The introduction of non-stationarity into the Gaussian process framework can be straightforward. Sometimes the non-stationarity is simply an additive mean. Not all non-stationarities can be treated that way though: it might be that given the means, the covariance function still changes from one part of the space to another. Modelling these types of processes requires a different approach.
Sometimes we might know apriori the non-stationary covariance structure. If this is the case then the Gaussian process treatment can be used without modification. We simply have a position dependent covariance function, and calculate the covariance matrix between two points from their absolute rather than relative po sitions.
This situation is rarely the case. Often we might know exactly the nature of the non-stationarity. In these situations we can follow a sampling procedure. We can draw up a model representing the different possible non-stationary covariance structures. Then we can sample from these models to choose a single model, from which an exact covariance function can be calculated. When a number of these samples are collected the final integration over all possible models of the non-stationarity can be approx imated by the relevant sample sum.
There is a catch to this method though. Each sample corresponds to a distinctly different covariance matrix. As a result a matrix inverse has to be calculated for each sample, at great computational expense. This can become a significant problem if it takes some time to explore the sample space and to settle to an equilibrium distribution.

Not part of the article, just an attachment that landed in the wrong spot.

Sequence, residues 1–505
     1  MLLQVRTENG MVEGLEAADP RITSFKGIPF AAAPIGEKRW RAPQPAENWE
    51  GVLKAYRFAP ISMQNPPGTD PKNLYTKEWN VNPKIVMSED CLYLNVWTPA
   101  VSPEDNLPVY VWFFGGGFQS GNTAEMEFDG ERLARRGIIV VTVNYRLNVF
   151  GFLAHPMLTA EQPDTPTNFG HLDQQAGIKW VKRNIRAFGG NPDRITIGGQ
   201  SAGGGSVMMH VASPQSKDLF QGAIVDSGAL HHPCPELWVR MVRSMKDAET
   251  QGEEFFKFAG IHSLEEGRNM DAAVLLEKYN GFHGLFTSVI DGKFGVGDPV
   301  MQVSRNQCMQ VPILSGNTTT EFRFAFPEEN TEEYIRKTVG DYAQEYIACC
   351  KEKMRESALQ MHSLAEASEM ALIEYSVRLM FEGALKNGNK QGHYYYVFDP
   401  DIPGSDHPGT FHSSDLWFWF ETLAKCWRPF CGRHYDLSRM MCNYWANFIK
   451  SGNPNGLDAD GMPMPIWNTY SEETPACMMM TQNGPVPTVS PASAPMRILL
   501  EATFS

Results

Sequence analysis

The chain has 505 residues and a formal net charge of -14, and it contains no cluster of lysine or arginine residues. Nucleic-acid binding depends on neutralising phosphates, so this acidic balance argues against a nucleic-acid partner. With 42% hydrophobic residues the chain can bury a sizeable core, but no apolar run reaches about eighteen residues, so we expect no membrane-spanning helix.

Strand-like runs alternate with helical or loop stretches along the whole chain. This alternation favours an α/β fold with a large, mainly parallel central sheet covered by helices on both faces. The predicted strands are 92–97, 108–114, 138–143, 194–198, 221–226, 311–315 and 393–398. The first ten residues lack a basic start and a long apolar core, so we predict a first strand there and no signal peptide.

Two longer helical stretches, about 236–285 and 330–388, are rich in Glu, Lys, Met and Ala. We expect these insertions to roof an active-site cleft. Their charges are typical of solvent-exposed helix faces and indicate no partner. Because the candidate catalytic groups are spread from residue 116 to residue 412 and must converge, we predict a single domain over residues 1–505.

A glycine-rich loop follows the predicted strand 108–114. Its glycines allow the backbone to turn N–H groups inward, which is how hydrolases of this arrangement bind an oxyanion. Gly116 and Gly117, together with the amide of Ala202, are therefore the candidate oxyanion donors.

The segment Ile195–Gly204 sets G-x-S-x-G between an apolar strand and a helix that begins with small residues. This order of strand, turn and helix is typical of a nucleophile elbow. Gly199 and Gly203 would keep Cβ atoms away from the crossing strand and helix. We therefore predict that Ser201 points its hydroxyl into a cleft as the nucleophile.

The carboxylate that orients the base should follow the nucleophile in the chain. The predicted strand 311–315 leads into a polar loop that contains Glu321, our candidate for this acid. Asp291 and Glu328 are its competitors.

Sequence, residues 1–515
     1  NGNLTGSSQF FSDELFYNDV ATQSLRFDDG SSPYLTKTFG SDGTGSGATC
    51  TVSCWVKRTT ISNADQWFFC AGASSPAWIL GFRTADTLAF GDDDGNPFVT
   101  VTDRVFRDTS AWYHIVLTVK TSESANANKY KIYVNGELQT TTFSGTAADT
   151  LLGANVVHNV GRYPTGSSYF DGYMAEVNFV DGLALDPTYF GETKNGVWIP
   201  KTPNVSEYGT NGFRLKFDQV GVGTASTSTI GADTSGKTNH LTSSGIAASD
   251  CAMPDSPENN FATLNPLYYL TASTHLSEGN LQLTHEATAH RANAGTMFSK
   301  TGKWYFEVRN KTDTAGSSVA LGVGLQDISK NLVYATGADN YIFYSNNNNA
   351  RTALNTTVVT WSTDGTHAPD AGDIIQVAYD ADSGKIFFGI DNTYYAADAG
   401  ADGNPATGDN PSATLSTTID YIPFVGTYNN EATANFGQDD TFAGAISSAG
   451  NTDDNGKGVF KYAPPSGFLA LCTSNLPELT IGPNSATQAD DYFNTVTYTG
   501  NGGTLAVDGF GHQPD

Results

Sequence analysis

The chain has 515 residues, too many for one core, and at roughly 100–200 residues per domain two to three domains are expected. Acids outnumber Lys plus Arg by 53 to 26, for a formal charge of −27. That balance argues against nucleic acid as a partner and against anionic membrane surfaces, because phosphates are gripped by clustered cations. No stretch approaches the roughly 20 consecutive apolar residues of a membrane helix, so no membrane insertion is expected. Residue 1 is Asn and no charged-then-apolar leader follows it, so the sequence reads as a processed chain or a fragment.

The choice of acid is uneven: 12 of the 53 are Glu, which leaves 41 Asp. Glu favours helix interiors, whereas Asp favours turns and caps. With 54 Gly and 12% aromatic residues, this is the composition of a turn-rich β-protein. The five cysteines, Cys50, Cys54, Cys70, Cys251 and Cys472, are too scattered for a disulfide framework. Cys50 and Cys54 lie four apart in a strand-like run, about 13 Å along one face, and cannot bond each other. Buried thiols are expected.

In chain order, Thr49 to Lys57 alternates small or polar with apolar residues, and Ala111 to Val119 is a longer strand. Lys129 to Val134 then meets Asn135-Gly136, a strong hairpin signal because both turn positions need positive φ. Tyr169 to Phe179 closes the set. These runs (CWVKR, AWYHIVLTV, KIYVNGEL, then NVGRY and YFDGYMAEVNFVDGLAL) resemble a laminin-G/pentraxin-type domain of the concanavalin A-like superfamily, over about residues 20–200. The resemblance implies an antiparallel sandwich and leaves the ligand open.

Very often the data under study has not been generated from a stationary process. A common example of this is where a number of different signal sources are present, and the observable signal is created by switching between these different regimes. In this problem, it is believed that there are a fixed number of source signals. It is on the whole assumed that these signals are independent. The measured signal, however, only has information from any one of the signals at any one time. In other words at any point the measured signal can be seen to be created by a signal chosen from the set of sources by some discrete random process. The figure below illustrates this. The top two graphs are two independent sources. The third graph illustrates the switching process. The final graph gives the final signal made up of parts of each of the two sources. Hence the resulting signal is made up of different regimes, each of which gives the state of one of the source signals.
This situation can be modelled with a mixture of Gaussian processes in the way that has been described above. Latent variables represent which of the current regimes generated a sample datum. Then different hyperparameters or covariance structures can be used to represent the characteristics of the different regimes. The great benefit of Gaussian processes is that the covariance matrix structure can represent many different signal structures and textures, from smooth curves to random fractal textures.
As it is not known which regime is generating the signal at any point, and the structure of the signals is unknown, these variables/parameters are given prior distributions which should be integrated over.
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